When Daniel Mendelsohn’s 81-year-old father, Jay Mendelsohn, a retired research scientist with some uncompromising ideas about life, decided to take his son’s first-year seminar on the Odyssey at Bard College in 2011, life began to imitate art in uncanny ways. Just a year later, Jay Mendelsohn died after a fall.
Structured around the form of Homer’s epic poem about fathers and sons, Daniel Mendelsohn’s new book, An Odyssey, is itself a profoundly personal but also provocatively intellectual journey. Recently, Maclean’s spoke by phone with Mendelsohn—an award-winning memoirist, critic, translator, classics scholar and frequent contributor to The New Yorker and New York Review of Books—at his home in New York’s Hudson Valley.
Q: Can you describe your father?
A: I always start with the fact that he was a mathematician, which structured both his intellectual and his ethical life. He liked facts, he liked logic, liked arguments that were sound. He didn’t like bullshit, and to my knowledge only lied once in his life, for reasons I explore in the book. His favourite word was “rigorous.” For him, if something is rigorous it means that it’s tough, something unyielding in its standards. His vision of the world was inflexible to some extent. He hated people who “got away” with things. But he was a softie at times, and sentimental as he got older. I don’t think he ever quite worked out how to integrate the two.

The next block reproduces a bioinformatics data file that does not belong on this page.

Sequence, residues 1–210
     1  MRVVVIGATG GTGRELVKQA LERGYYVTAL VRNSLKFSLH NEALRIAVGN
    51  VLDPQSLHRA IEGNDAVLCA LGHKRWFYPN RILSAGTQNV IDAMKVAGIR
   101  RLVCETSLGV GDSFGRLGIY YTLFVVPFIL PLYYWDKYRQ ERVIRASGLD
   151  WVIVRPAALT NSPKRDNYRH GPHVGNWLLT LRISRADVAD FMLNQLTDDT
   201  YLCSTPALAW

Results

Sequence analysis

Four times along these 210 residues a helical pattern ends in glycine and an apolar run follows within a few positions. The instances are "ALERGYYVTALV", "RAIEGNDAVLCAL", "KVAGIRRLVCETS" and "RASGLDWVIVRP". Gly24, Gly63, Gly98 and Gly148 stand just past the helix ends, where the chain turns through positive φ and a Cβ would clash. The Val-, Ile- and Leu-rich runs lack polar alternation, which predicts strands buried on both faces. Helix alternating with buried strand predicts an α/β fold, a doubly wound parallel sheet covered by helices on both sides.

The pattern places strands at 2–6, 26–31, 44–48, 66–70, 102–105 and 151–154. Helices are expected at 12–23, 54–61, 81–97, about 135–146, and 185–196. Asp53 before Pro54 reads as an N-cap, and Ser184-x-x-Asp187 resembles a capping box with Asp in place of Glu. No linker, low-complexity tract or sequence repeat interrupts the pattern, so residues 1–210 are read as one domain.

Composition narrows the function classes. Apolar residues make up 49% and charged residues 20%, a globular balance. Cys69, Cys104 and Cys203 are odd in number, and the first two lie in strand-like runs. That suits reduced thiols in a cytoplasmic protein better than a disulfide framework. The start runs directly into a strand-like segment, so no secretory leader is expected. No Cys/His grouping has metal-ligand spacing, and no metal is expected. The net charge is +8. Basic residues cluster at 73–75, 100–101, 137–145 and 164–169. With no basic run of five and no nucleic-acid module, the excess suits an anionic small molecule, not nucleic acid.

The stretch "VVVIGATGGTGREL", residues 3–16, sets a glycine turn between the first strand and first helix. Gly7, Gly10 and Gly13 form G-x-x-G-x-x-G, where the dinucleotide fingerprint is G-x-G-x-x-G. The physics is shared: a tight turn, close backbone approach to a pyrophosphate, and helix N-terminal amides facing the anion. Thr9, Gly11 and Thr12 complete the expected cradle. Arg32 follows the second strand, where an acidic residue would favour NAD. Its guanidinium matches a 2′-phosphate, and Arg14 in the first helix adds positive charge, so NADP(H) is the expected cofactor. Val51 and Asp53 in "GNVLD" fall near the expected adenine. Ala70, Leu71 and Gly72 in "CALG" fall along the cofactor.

Q: That sounds like a challenging personality to grow up with…
A: It wasn’t easy, because I was terrible at math, and he couldn’t understand why it was so impenetrable to me. So I was a bit afraid of him, and also embarrassed because I thought he didn’t approve of me. I liked art and books and languages and ancient history. Not that he didn’t approve of those things; quite the contrary. Looking back, I think I was just projecting my insecurities on to him. It’s funny: I have a significant career as a critic, and I realize I’ve imported into that life all these principles that were important to my father. When I was assembling a collection of my essays, I kept noticing how much I used the word “rigorous.”
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Q: You say you didn’t get to know him until you began studying the classics.
A: My father was ambivalent about the fact that he never finished his PhD, so he was both proud of and, I think, a little competitive with me when I went to graduate school. But once he saw what was involved, and understood it was a tough and rigorous program, he was full of approval. So that brought us closer. I studied Greek and Latin—languages that embody the highly structured paradigms that made sense to him intellectually. So some barrier had been breached, I think.
Q: When he first told you he wanted to take your seminar on the Odyssey did your heart swell or sink?
A: At first I thought it was kind of great—and typical of my father that, at 81, he was eager to keep educating himself. I knew he regretted never finishing the Latin sequence he’d begun in high school— he was a star in the class—and so to some extent his taking my class was an effort to finish the unfinished business he had with the classical text. But I did worry about the logistics. It’s hard enough having strangers in the class when you’re trying to forge a bond with 18-year-olds, but for that stranger to be your father is an added challenge.
Q: Not to mention the reversal of roles, with you the teacher and he the student.